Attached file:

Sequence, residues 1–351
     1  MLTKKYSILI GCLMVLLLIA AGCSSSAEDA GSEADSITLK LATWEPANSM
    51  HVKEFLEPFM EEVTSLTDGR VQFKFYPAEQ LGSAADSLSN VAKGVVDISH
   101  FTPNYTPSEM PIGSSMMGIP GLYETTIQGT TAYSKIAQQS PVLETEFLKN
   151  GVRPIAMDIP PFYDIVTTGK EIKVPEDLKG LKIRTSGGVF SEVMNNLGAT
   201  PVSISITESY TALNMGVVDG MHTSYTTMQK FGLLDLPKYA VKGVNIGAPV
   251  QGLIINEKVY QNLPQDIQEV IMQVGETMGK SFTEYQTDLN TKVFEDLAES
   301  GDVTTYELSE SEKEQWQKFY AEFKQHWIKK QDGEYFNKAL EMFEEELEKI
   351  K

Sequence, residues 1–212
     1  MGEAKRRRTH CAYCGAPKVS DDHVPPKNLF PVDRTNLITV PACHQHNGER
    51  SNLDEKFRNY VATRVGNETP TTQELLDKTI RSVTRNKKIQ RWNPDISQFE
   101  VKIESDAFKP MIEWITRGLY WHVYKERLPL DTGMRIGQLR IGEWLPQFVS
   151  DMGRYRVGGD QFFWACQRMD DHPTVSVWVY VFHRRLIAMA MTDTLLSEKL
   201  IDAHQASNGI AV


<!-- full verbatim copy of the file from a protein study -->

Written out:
Sequence, residues 1–351
     1  MLTKKYSILI GCLMVLLLIA AGCSSSAEDA GSEADSITLK LATWEPANSM
    51  HVKEFLEPFM EEVTSLTDGR VQFKFYPAEQ LGSAADSLSN VAKGVVDISH
   101  FTPNYTPSEM PIGSSMMGIP GLYETTIQGT TAYSKIAQQS PVLETEFLKN
   151  GVRPIAMDIP PFYDIVTTGK EIKVPEDLKG LKIRTSGGVF SEVMNNLGAT
   201  PVSISITESY TALNMGVVDG MHTSYTTMQK FGLLDLPKYA VKGVNIGAPV
   251  QGLIINEKVY QNLPQDIQEV IMQVGETMGK SFTEYQTDLN TKVFEDLAES
   301  GDVTTYELSE SEKEQWQKFY AEFKQHWIKK QDGEYFNKAL EMFEEELEKI
   351  K

Sequence, residues 1–212
     1  MGEAKRRRTH CAYCGAPKVS DDHVPPKNLF PVDRTNLITV PACHQHNGER
    51  SNLDEKFRNY VATRVGNETP TTQELLDKTI RSVTRNKKIQ RWNPDISQFE
   101  VKIESDAFKP MIEWITRGLY WHVYKERLPL DTGMRIGQLR IGEWLPQFVS
   151  DMGRYRVGGD QFFWACQRMD DHPTVSVWVY VFHRRLIAMA MTDTLLSEKL
   201  IDAHQASNGI AV